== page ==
Many British people want to ask, for Edward VIII, is the life after his abdication worth the sacrifice he made? After Harris raised this question, the Edward VIII couple stated that what has maintained their 35-year marriage is “real and profound.” At the end of the interview, Harris asked Edward VIII if he regretted not continuing to be king. After another pause, Edward VIII had a sad face and tears in his eyes, but he replied “No” and hoped that everything would be well in Britain.
The media found many “similars”
More than 50 years ago on both sides of the Atlantic, the Edward VIII interview was tantamount to a “blockbuster”, which frustrated Buckingham Palace and excited the British and American people. This 50-minute visit was the first time a member of the British royal family sat down to tell the story of the royal family. After it aired in January 1970, the number of people who watched this talk show in the UK alone reached 12 million, which was twice the previous average viewership of the show (4 million). Coincidentally, the number of people watching the interview with Prince Harry and his wife on independent television in the UK is also 12 million.
Many media have compared Prince Harry and his wife with Edward VIII, looking for common ground. For example, the two couples love to live in Canada, both have a constant love for the royal family, and have never been far from the attention of the media. However, Anne Seba, the author of “The Life of The Simpsons”, believes that the life choices of the two couples cannot be compared with their impact on society at the time. The biggest difference is that Edward VIII gave up the throne, while Harry is just the sixth in line to the throne and is unlikely to become a king. The decision to abdicate King Edward VIII caused an uproar in the British public. People accused Mrs. Simpson of almost destroying the British royal family and the British Empire. Some reporters even threw bricks at her apartment in Regent’s Park, London. In contrast, Megan has received a lot of support in the United Kingdom and the United States.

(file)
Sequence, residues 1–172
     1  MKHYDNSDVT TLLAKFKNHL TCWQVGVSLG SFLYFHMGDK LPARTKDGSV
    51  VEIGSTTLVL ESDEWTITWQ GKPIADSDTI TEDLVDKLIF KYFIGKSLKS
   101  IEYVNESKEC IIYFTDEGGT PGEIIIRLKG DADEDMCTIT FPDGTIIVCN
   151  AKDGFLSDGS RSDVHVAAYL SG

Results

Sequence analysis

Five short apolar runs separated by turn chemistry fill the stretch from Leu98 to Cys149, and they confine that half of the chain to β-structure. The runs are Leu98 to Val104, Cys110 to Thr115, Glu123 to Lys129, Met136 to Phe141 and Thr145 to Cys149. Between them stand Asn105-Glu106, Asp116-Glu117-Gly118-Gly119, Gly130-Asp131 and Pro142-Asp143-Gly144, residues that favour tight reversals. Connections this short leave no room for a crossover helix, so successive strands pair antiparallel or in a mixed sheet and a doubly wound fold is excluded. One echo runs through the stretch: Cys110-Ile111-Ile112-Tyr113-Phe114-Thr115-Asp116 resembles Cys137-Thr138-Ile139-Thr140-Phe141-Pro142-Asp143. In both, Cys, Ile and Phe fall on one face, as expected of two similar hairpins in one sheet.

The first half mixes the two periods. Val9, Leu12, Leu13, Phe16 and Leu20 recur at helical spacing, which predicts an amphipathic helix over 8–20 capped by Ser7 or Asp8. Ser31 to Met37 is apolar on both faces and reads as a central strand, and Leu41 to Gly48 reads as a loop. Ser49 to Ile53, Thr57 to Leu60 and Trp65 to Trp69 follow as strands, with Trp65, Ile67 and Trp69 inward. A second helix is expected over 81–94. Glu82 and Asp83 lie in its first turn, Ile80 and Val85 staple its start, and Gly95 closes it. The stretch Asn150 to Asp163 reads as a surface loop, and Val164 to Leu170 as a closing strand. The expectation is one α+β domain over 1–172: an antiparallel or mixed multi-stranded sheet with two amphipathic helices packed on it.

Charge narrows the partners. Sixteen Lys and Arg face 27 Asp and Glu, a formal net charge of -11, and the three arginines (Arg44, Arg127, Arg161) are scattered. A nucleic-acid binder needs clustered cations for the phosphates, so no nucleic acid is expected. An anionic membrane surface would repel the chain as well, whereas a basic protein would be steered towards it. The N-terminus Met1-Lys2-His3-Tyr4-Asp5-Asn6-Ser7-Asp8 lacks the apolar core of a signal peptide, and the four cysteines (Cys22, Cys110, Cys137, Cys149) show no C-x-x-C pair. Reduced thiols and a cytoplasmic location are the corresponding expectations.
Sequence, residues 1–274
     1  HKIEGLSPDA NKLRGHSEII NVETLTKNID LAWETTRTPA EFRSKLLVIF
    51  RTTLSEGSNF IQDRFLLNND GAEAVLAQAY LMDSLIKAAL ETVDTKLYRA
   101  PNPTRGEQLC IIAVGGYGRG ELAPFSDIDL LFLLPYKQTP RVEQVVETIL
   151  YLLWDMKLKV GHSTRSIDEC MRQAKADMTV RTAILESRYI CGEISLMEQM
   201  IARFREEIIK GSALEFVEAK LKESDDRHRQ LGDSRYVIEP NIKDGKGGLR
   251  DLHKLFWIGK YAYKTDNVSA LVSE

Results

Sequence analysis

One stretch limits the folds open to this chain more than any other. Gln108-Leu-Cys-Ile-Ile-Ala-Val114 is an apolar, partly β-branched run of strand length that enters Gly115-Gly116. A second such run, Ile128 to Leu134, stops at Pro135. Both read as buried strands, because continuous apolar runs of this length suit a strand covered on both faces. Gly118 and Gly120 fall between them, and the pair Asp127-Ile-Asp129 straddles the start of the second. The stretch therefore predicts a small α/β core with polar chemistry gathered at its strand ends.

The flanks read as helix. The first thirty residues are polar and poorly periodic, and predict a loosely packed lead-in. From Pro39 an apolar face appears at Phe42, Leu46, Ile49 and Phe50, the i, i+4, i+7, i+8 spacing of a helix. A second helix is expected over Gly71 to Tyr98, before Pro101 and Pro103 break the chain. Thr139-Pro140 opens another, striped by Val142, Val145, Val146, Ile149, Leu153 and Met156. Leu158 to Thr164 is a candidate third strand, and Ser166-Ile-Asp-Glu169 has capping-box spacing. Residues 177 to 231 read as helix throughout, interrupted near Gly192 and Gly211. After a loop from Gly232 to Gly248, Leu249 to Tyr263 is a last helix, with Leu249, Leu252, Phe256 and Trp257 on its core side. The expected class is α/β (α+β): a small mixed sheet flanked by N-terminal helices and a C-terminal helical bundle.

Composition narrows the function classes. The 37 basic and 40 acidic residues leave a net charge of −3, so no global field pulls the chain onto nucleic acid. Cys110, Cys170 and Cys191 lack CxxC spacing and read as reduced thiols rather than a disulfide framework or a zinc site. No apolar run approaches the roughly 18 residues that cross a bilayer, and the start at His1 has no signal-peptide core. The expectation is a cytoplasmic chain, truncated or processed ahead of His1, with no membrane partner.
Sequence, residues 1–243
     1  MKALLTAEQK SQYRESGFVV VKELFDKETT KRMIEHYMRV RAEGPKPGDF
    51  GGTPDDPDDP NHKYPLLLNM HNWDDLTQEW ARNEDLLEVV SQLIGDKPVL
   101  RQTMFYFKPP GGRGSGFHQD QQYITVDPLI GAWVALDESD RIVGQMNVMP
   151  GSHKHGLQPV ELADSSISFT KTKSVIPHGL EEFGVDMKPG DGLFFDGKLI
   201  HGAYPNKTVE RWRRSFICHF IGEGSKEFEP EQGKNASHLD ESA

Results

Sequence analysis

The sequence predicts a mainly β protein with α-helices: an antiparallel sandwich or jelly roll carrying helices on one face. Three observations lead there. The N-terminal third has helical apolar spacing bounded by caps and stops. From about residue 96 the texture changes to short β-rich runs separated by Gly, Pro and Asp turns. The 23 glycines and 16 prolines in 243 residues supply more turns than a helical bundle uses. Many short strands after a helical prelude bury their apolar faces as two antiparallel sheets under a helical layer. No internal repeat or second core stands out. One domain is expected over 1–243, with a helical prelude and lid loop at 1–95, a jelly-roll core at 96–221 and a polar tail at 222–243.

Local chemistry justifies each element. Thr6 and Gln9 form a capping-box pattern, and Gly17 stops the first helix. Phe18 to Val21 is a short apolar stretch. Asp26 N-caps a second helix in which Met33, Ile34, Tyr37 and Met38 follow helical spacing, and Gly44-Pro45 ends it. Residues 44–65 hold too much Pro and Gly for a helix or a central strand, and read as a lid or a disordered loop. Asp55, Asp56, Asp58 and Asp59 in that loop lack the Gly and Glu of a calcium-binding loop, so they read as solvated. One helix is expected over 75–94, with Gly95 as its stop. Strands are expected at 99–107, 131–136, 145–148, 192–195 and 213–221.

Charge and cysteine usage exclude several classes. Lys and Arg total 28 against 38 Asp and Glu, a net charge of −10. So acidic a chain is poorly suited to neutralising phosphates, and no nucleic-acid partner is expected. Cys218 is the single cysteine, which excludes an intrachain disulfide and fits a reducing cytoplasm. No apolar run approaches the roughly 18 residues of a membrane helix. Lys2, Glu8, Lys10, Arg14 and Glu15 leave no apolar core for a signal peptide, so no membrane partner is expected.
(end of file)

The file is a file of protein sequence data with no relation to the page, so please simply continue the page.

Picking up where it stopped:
When Megan married Harry, many media compared her to the contemporary Mrs. Simpson. Many British media believe that both Edward VIII and Prince Harry are “cowardly men” manipulated by “ambitious women.” However, the attitude of the British royal family towards Meghan and Mrs. Simpson is quite different. After Megan broke out that the British royal family was suspected of racial discrimination, Queen Elizabeth II of the United Kingdom expressed deep concern about this and said that the royal family will solve these problems privately. In contrast, the British royal family treated Mrs. Simpson much more ruthlessly. In 1971, Edward VIII was diagnosed with laryngeal cancer. In May of the following year, the Queen of England and Prince Philip visited the uncle, but the Queen insisted on talking only to her uncle, and finally only took pictures with Mrs. Simpson. Edward VIII’s mother complained deeply about Mrs. Simpson and always referred to her as “the woman.”